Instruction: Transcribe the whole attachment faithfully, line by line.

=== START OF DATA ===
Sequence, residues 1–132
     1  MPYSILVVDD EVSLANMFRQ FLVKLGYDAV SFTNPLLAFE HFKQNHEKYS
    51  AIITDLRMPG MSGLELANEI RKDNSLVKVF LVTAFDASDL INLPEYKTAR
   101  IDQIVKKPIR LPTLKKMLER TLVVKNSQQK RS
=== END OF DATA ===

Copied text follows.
Sequence, residues 1–132
     1  MPYSILVVDD EVSLANMFRQ FLVKLGYDAV SFTNPLLAFE HFKQNHEKYS
    51  AIITDLRMPG MSGLELANEI RKDNSLVKVF LVTAFDASDL INLPEYKTAR
   101  IDQIVKKPIR LPTLKKMLER TLVVKNSQQK RS